The United States is by no means the only country to export blood. In fact, it is the fourth-largest exporter when you include human and animal blood products for therapeutic purposes — not just plasma. Blood exports are concentrated around a small group of developed countries. The top 10 exporters control 89% of the $180 billion global blood market.
The World’s top exporter in 2018 was Ireland, with a total value of $30.6 billion. Not bad for a country that has a population of only 4.83 million — a whopping $6,335 per person. In contrast, Diageo — the parent company of Guinness Beer — “only” reported $1.12 billion in beer sales.
An industry fueled by low-income donors
The industry depends on a mix of low-income workers, homeless, disabled, single parents and college students who rely on the extra income plasma donations provide. It’s no coincidence that nearly 80% of plasma centers in the United States are in poor neighborhoods.
The compensation per donation — which takes around 90 minutes — is $30 to $60. Typically, first-time donors get paid the most. After a few donations, payment is based on body weight.
According to one study, a liter of plasma costs approximately $150 to obtain and can be sold for around $500, depending on the country and fractioning method (source).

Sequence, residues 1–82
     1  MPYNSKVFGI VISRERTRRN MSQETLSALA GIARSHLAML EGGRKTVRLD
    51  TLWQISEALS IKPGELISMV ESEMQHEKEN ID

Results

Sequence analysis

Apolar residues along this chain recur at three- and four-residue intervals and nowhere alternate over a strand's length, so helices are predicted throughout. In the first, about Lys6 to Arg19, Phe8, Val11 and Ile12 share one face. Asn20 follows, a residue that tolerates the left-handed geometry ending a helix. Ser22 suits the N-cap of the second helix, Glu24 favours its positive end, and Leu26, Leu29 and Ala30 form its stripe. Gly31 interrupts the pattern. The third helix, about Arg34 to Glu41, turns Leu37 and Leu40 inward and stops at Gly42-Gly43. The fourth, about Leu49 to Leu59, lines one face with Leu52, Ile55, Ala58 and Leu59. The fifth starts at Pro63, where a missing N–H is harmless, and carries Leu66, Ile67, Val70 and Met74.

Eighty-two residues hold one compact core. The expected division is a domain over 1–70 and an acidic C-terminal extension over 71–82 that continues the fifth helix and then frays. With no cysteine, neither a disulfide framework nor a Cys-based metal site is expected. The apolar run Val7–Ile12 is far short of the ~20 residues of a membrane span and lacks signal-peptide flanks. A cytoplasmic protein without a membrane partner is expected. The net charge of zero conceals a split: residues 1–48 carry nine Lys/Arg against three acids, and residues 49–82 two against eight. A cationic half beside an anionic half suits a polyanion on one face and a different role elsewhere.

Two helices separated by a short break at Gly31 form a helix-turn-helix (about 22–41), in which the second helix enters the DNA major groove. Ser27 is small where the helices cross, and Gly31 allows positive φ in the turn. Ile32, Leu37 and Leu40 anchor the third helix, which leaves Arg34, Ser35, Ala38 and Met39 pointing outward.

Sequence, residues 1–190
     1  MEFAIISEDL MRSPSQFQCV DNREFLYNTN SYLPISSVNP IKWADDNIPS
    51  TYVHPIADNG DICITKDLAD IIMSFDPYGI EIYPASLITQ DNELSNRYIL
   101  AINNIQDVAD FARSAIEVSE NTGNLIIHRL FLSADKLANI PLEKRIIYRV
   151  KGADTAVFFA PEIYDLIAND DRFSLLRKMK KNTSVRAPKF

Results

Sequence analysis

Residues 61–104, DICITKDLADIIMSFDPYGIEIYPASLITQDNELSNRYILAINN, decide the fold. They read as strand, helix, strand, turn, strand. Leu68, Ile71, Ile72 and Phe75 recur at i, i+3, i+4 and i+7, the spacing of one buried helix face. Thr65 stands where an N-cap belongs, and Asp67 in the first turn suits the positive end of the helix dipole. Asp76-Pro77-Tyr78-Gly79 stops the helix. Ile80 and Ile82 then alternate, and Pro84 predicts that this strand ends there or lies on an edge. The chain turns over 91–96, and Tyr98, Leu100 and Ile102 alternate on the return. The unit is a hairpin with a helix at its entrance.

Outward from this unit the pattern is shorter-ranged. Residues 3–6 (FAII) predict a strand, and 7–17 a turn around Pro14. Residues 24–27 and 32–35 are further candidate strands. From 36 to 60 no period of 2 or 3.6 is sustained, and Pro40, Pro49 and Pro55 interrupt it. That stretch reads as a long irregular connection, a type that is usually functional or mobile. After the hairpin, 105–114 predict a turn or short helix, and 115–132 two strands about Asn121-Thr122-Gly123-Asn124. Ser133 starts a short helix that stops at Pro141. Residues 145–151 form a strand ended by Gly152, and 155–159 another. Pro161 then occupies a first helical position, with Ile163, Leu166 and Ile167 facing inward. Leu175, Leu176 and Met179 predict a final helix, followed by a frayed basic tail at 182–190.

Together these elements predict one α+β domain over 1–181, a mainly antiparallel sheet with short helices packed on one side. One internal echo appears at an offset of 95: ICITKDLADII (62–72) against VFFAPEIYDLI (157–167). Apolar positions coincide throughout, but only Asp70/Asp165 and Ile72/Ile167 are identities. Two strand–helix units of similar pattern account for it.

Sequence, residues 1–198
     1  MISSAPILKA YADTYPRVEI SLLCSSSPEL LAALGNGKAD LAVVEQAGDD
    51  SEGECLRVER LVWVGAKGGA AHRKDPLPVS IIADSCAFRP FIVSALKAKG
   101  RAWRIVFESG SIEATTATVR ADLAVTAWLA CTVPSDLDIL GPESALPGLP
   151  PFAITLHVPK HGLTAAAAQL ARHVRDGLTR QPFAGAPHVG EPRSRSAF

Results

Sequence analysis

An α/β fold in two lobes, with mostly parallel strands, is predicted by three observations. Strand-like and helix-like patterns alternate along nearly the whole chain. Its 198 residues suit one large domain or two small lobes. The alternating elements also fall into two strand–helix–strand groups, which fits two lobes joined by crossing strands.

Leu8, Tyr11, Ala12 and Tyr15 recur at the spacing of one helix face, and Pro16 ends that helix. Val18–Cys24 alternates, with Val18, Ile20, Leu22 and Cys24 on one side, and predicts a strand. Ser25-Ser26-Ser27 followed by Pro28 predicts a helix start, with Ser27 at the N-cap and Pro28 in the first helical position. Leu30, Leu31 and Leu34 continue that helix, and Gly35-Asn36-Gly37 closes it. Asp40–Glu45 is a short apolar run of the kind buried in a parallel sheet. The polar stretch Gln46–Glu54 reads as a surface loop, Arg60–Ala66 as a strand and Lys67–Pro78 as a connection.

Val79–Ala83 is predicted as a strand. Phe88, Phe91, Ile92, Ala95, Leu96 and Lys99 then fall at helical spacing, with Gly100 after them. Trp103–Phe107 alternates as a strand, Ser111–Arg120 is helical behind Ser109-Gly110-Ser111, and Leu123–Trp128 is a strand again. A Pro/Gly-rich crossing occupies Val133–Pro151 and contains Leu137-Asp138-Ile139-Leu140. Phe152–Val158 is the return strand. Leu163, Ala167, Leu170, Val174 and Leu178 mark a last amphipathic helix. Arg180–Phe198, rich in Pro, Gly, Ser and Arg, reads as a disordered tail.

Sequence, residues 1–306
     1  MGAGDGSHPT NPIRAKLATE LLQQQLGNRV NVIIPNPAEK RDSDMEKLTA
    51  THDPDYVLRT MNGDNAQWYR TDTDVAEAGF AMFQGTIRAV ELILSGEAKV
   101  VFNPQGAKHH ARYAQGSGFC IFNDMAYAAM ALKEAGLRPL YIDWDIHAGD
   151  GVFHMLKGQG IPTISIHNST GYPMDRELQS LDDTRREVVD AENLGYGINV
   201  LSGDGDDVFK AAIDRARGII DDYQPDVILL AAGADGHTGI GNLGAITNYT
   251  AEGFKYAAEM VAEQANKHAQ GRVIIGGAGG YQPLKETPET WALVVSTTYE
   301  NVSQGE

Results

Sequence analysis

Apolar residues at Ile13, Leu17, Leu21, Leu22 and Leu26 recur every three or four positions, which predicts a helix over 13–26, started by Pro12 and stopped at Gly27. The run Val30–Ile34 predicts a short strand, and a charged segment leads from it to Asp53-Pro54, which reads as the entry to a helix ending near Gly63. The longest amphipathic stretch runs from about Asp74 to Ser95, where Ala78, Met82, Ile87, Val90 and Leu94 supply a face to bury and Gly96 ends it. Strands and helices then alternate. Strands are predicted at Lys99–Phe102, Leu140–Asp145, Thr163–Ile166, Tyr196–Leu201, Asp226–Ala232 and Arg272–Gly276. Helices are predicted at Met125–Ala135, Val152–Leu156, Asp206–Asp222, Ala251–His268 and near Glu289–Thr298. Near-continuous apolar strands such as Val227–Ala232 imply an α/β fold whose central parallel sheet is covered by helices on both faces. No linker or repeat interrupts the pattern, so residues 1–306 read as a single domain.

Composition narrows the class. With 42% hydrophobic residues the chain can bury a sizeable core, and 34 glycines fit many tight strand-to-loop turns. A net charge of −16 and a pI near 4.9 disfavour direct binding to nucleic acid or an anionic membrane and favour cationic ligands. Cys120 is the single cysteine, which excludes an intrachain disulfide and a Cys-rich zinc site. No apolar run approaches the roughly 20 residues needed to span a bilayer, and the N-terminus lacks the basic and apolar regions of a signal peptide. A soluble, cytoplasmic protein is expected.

What are the health risks?
Unlike whole blood donations, plasma donations take a toll on the health of donors, especially for long-term donors. After a blood draw, donors often experience bruising, weakness, dehydration, and fainting. Research has found that long-term donors have lower serum immunoglobulin levels.
A 2010 study found that donors had fewer proteins in their bloodstream, which could increase their risk of developing kidney and liver diseases. The repeated injections can also cause scar tissue to develop, and harden the veins of donors.
Plasma vs. blood
Plasma is derived from whole blood, which is drawn from the donor. The plasma is then separated from the red blood cells and other fractions. These are returned to the donor with a sterile saline solution to help the donor’s body replace the plasma removed from the whole blood.